7 Tips to Help Deal with Toddler Tantrums

Toddlerdom is an explosive period of development when children learn language, motor skills and problem solving, among other things. This is a major cause of frustration for a growing brain, resulting in tantrums. Dr. Karp, an assistant professor of pediatrics at the University of California, Los Angeles, and author of the book, The Happiest Baby says that:

“The challenge for parents is learning how to communicate with the caveman in the crib. All of us get more primitive when we get upset, that’s why they call it ‘going ape, But toddlers start out primitive, so when they get upset, they go Jurassic on you.” Dr. Karp says.

Here are 7 tips to help deal with a toddler’s tantrum:

  • Have a strategy

Chart a plan for how you intend to handle situations at home, out shopping, playing at friend’s houses. If a tantrum then occurs, remember to focus on your plan rather than the tantrum. This will help to keep you calm and in control.

  • Remind the child of what happened last time they misbehaved

If your child is old enough to understand, you can remind them of past experiences and the consequences of misbehaving, this sometimes might keep them in check or prevent the tantrum from happening.

  • Distract your child 

Shift their attention by calmly offering something else to do, see, eat or play with.

  • Nip it in the bud fast

Big tantrums often develop from smaller ones. The faster you can help the child stop the habit, the faster it stops.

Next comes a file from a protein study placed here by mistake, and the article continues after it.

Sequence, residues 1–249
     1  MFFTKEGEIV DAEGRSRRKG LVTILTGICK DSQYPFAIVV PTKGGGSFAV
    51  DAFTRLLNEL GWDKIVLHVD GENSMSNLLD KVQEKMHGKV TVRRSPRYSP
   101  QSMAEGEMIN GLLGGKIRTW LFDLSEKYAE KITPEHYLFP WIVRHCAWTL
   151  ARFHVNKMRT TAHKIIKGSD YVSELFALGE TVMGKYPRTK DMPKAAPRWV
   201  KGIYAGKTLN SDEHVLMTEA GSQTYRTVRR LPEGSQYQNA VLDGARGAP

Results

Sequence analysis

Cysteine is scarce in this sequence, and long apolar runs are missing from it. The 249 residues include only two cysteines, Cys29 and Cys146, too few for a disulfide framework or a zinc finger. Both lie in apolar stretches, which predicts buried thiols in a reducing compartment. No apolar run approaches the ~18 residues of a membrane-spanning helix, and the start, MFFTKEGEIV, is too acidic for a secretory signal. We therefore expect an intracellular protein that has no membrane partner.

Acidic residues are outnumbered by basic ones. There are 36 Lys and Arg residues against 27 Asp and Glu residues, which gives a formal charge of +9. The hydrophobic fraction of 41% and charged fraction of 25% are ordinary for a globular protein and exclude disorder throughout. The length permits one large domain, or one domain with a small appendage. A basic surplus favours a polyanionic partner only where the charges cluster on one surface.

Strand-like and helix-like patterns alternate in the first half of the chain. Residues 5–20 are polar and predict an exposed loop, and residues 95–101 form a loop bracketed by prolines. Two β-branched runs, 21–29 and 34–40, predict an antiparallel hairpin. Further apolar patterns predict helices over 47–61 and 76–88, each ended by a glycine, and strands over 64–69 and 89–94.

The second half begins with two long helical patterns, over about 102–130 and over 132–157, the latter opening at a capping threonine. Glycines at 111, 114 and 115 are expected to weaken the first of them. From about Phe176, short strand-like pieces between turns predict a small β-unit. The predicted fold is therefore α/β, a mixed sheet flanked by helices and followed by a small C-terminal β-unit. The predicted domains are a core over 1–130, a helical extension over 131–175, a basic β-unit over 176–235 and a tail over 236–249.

• Acknowledge their feelings, not the tantrum

This aligns you with them and sets the stage for him to learn to work through feelings and emotions. When he knows that you feel along with him, he will take the cue to talk to you rather than scream or shout. When a pre-school child throws a tantrum stay within the child’s sight but carry on normal activities without talking to him or acknowledging the tantrum.

  • Start on a clean slate 

Once a tantrum is over, give the chance of starting over on a clean slate, you can calm or pet your child, but do not fulfill any of the child’s demands. Otherwise, tantrums will become a way of life.

  • Stay Strong

If a tantrum does happen you need to be strong. If you are at church, for example, take your child out to the car or somewhere quiet until the tantrum is over. They need to see they can’t hold you hostage to a situation, otherwise, they will psychologically resort to tantrums whenever they want anything. Even in their adult life.

Note:

The key is to always remain calm and firm, but also show enough love.

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